Friday, July 22, 2005

Israel: The Feeling, The Mood, The Reality - Part I

Colors divide the nation: On a street corner at the entrance to Jerusalem, with the central bus station in the background, stand boys with big knitted kipot and girls with long flowing dresses: they are tying orange strips to the antennas of automobiles waiting at the red light. In front of the Izraeli Mall in Tel Aviv, young men and women hand out strips of blue. The orange represents the anti-disengagement of Gush Katif; the blue represents the pro-disengagement.

But it is not colors alone:

The square in the Jewish quarter of the old city in Jerusalem is known for its tolerance of many opinions. I’m sitting on a bench, watching young girls selling orange t-shirts; their slogan – “Jew, do not expel a Jew”. Near me sits a thirty one year old man from Los Angeles: ‘I do not really know what to make of the whole disengagement thing. I am confused’.

In Bat Ayin, a village some 20 kilometers south of Jerusalem concentrated on organically cultivating the Israeli soil, and known for its radical right wing views, there is no confusion: ‘this is the first time in our history that it is Jew versus Jew; Sharon has definitely lost his mind’. Another resident, when asked if he was going to Gush Katif, replied, ‘why go there, I should just go strait to jail’, a cynical response, highlighting the police’s thirst for arrests of anti-disengagement protesters.

A day after Gush Katif is closed off to none residents, I am hitchhiking from the Rishon Letzion junction to Jerusalem. The driver asks me, ‘so, nu you gonna go to Gush Katif? You can switch papers with one of its residents, or maybe tunnel in like the Arabs do from Egypt to Gaza.’ I’m not sure if he was serious or not.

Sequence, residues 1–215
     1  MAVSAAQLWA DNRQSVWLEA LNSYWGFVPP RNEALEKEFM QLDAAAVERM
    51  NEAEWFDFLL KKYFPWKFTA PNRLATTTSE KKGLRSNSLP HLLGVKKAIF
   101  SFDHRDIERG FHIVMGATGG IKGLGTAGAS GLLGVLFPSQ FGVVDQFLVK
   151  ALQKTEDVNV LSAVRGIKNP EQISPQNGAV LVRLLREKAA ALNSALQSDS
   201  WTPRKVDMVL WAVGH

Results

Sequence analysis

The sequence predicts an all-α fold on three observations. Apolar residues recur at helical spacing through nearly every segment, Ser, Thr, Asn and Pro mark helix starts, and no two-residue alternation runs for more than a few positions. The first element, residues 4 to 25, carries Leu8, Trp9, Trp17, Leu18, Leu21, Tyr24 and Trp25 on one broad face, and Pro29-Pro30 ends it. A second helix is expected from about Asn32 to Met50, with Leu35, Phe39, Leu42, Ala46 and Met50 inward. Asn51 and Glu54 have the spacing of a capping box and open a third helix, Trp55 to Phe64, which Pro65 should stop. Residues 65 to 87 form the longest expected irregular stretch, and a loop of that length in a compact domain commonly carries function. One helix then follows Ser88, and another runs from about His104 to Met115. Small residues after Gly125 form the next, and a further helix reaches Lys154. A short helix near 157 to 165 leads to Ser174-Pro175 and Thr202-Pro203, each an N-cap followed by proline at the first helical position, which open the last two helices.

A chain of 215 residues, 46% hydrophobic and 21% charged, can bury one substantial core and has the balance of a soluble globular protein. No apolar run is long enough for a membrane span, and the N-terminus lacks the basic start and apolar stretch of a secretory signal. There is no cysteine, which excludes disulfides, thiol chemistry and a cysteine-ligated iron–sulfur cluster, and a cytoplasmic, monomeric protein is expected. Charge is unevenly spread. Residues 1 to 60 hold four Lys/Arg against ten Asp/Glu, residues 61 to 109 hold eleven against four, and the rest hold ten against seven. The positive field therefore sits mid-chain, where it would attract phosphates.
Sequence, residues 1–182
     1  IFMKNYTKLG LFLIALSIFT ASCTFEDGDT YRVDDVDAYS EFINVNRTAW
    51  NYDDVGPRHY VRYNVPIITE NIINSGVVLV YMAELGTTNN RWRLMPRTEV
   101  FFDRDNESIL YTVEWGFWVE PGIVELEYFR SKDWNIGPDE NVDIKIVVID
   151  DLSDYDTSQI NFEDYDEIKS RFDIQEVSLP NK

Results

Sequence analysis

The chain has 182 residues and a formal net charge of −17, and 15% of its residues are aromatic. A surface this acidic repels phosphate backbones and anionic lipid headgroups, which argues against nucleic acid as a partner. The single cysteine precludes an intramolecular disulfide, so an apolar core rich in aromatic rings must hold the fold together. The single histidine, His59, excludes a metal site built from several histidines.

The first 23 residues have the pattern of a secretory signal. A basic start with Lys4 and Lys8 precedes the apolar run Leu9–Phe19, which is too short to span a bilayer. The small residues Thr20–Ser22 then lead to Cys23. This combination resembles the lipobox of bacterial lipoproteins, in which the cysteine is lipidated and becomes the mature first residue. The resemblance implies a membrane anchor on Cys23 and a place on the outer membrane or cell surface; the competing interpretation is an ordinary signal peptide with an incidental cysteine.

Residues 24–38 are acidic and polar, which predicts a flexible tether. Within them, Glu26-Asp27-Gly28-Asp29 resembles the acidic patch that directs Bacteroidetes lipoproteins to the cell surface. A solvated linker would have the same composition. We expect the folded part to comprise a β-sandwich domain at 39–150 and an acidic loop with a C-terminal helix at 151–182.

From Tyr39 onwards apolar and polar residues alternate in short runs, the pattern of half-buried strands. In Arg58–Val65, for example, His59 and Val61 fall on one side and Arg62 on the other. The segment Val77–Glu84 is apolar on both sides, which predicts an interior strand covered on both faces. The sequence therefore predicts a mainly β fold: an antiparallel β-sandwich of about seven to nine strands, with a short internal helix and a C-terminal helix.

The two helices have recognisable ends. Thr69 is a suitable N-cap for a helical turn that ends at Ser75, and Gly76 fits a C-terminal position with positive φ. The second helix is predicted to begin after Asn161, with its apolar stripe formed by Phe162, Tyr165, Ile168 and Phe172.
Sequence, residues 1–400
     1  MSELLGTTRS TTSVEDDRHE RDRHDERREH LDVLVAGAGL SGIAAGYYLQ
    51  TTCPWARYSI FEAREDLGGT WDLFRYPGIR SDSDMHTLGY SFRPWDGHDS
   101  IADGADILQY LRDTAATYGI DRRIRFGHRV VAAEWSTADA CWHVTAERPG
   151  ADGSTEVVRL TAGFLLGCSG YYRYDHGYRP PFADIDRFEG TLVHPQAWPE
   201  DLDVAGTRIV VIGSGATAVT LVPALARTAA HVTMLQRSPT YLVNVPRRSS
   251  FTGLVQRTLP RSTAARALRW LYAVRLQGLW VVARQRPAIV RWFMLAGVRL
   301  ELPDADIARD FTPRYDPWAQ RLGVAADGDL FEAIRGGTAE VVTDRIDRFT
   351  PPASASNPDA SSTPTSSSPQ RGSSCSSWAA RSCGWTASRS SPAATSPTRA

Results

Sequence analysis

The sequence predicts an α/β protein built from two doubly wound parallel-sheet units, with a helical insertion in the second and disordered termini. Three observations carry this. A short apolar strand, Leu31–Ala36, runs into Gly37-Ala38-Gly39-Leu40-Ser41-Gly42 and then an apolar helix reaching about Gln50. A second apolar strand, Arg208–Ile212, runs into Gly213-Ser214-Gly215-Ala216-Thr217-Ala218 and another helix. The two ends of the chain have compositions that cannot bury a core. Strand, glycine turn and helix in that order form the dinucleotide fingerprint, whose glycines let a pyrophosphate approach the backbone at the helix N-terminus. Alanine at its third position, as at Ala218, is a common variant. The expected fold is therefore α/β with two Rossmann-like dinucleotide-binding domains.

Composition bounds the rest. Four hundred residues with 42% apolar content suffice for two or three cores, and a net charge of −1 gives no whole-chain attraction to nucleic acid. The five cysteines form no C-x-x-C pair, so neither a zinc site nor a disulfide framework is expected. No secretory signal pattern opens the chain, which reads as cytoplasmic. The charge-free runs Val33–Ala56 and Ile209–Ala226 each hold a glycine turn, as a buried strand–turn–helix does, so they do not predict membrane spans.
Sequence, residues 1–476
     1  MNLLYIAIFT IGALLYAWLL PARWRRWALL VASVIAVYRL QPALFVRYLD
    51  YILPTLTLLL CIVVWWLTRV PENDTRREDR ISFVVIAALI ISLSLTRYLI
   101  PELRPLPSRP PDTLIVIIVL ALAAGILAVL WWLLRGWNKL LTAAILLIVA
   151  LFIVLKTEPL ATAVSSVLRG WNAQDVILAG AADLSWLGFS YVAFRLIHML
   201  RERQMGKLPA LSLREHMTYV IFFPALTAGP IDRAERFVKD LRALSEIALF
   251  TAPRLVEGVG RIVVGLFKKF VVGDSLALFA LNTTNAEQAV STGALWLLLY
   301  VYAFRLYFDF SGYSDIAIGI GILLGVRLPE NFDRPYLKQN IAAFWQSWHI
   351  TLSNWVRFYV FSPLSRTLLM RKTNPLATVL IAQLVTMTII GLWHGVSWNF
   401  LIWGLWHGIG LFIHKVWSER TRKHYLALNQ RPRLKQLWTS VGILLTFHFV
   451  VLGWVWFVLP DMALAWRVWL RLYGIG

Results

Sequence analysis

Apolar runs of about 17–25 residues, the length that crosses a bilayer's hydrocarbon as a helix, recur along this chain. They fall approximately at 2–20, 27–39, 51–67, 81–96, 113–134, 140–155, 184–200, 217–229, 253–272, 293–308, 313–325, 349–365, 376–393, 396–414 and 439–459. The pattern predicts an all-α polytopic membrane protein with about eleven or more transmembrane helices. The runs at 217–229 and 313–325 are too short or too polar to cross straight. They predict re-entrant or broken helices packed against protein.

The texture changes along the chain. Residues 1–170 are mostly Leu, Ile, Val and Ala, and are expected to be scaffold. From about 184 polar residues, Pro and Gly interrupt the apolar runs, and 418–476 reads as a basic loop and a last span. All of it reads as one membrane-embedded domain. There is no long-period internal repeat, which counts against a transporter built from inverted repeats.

Shabbos in Chevron is empty. Many of its residents have gone to Gush Katif. ‘It is not about Gush Katif’, a Chevroni tells me, ‘it is about the whole of Israel’. Throughout Shabbos there is scarcely another topic discussed. One man’s fourteen-year-old daughter sits in prison for protesting in Gush Katif. ‘It is a communist state’, says a resident, ‘imagine holding a fourteen-year-old girl in America for weeks – never!’

We are about to begin Maariv by the tomb of Yishai and Ruth, but an argument has broken out between a leading member of the Chevron community and a young soldier. ‘You, as a Jew,’ says the man from Chevron, ‘have the responsibility to leave the army’. ‘Would you not send your son to the army?’ asks the soldier. ‘No, I wouldn’t,’ he replies and then continues, ‘how could I send my son to send his own father from his home?’ With that we recite Baruchu.

I flip on the news, a girl in the Gush Katif area is asking a policeman, ‘how can you not let me walk the road on which my brother was killed?’ A white haired man says he hasn’t seen anything like this since the Holocaust – and then it was the Germans.

But, back in the old city, the Arab shuk is full with Israeli tourists, one bargaining for a Bedouin coffee press, another for a Nargila. Are they bargaining for the wrong thing? ‘Life must go on’ they say.

Well… will it?

5 Comments:

Anonymous Anonymous said...

somehow, someway, i think it will.

7/22/2005 3:52 PM  
Blogger The real me said...

Never mind will it. Did you go to Azza? Or did you sit around being a tzadik in peltz...

7/23/2005 10:01 PM  
Anonymous Anonymous said...

what about the color blue? is that part two?

7/24/2005 2:29 PM  
Anonymous Anonymous said...

excellently written- i feel like i'm there in israel! thank you and yasher koach!

7/27/2005 4:47 AM  
Blogger The Bearded One said...

it better. i got plans!

8/06/2005 5:23 PM  

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